Finland’s Perussuomalaiset party says that the use of the Nazi flag in public should not be criminalized

by , under Enrique Tessieri

THE STORY WAS UPDATED

Only the Perussuomalaiset (PS)* and Ano Turtiainen’s one-man party expressed opposition to criminalizing the use of the Nazi flag in public. The story by Yle was published a day after the Helsinki District Court dismissed ethnic agitation charges agitation against five men of carrying a swastika flag in public on Independence Day 2018.

PS parliamentary group leader Ville Tavio told Yle that they should not criminalize the use of the Nazi flag.

“In my opinion, our society is not in such a critical [and fragile] state that we need the state to intervene [in this matter],” he said.

Yaron Nadbornik, president of the 1,100-strong Jewish Community of Helsinki, stated that the decision of the Helsinki district court shows that the country still has a long way to go in acknowledging hate crime, and the existence of minorities.

Considering what the Nazi flag symbolizes for Jews and other minorities, Nadbornik said that not a single newspaper had gotten in touch with him about the district court’s decision. He said that the recent case showed the little power the non-discrimination ombudsman has in challenging racism and discrimination.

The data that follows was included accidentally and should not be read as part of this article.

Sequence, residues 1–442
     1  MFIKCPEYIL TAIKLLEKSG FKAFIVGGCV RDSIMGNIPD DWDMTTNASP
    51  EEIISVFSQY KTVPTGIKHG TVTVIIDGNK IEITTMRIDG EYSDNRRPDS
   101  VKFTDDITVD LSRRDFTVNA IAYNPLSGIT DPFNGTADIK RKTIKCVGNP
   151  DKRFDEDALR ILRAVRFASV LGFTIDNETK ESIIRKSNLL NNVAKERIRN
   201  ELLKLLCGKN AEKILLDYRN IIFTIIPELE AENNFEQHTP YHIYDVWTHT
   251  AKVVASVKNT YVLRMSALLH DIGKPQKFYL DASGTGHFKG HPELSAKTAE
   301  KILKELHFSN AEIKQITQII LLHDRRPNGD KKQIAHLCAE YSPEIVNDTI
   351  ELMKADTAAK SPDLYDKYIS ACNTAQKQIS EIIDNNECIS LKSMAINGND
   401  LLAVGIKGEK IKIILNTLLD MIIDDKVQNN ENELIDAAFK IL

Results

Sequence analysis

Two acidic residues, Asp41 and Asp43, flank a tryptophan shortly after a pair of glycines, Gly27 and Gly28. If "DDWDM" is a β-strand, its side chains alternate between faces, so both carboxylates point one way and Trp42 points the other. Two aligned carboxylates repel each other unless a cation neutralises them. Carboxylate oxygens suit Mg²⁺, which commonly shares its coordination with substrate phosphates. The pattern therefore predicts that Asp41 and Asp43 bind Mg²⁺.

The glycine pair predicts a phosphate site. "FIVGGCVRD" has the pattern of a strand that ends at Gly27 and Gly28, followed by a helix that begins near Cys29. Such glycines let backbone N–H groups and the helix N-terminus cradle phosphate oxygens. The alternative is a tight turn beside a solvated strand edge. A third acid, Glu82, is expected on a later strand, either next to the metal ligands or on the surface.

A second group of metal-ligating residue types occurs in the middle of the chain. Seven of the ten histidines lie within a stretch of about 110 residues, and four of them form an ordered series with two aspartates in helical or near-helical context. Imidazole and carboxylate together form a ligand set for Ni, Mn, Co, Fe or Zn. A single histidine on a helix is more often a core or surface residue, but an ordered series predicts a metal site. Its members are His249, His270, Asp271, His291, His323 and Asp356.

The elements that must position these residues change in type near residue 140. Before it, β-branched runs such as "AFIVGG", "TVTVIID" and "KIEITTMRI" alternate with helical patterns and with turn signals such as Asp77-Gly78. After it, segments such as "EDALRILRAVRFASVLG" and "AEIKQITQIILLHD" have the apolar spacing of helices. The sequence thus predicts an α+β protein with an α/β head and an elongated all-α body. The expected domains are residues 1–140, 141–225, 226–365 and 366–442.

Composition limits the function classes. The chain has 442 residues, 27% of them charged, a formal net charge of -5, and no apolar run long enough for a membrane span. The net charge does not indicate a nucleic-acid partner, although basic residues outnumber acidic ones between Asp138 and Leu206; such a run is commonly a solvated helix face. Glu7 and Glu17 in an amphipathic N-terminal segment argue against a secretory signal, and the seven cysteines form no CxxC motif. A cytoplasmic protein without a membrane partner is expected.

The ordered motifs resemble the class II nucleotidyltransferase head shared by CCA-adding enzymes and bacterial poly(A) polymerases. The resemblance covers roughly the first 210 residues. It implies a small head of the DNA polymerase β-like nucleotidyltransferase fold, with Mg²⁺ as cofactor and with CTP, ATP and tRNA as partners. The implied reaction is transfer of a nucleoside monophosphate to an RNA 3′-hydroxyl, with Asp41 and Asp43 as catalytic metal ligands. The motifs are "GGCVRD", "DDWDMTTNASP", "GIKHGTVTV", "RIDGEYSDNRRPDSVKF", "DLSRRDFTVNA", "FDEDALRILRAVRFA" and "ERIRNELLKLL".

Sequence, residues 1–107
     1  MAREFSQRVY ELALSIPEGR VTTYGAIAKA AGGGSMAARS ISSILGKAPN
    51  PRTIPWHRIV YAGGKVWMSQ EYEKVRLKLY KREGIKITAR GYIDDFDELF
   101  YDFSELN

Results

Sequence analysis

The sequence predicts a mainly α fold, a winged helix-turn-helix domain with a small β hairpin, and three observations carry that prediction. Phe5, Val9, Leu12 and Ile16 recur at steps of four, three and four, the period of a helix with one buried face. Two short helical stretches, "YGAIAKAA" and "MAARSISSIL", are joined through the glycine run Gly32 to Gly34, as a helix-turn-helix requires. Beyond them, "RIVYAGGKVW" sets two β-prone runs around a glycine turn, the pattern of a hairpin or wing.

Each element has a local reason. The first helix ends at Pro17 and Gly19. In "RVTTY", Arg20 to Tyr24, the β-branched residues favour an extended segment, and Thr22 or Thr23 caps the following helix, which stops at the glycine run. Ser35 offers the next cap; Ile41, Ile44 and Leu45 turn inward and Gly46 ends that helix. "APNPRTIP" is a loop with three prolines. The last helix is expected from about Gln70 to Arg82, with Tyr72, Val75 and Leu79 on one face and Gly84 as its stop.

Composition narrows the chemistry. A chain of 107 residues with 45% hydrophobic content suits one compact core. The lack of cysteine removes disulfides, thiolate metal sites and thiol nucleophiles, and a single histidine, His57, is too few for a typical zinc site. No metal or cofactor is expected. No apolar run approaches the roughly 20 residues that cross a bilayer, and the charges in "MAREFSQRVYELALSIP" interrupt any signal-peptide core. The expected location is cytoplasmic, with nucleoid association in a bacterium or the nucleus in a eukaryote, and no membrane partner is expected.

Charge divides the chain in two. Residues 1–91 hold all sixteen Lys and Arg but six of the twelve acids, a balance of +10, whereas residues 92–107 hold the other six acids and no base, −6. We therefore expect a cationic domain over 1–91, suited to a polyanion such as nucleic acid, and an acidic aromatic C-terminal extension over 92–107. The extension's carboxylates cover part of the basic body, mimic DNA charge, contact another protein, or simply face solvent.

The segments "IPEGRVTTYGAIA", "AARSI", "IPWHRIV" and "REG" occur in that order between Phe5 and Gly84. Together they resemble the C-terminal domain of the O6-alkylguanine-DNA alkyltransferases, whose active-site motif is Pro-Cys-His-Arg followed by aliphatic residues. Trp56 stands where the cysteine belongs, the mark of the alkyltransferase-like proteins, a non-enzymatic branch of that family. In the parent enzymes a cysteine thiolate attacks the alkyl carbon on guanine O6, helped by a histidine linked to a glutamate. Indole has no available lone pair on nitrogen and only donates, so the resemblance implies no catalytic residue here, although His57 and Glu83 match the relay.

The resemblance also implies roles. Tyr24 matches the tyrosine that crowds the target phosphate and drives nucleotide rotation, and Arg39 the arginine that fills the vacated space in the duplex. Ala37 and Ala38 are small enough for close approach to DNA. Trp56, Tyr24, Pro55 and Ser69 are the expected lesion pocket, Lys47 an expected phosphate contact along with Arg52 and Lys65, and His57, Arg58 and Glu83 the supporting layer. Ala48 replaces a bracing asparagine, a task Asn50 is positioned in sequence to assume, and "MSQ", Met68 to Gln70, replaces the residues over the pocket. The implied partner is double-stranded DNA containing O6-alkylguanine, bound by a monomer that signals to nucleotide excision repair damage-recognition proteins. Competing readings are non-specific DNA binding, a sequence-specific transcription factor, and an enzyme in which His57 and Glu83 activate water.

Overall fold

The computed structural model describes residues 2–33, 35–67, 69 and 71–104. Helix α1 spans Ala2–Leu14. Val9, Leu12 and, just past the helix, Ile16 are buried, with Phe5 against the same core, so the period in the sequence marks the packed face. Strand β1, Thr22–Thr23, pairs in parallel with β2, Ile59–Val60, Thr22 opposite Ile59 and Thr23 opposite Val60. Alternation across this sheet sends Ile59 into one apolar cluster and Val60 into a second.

In an interview in 2020, Nadbornik said that it was not until 2018-2019 when the police started to recognize anti-Semitism as a problem in Finland.

“It is od that even if the non-discrimination ombudsman spoke out in favor of criminalizing the Nazi flag, their position was not weighed by the court,” he said.

Another Jewish leader said with sarcasm that the court decision “didn’t get a lot of support” from the Jewish community [of Finland].


Leif Hagert, who is an activist for Roma and minority rights in Finland, was surprised by the district court’s decision.

“The Nazi flag represents hatred and racism,” he said. “I find it hard to understand why such opinions and values need to be proclaimed on the streets. I hope the court of appeal’s ruling is different. [from the district court’s]”

The Roma were also victims of the Holocaust with an estimated 1.5 million perishing during 1935-1945.

Read the full story (in Finnish) here.

Some observers believe that the PS’ stance on the criminalization of the Nazi flag is another indication of the group’s close ideological bonds with the far right and neo-Nazis.

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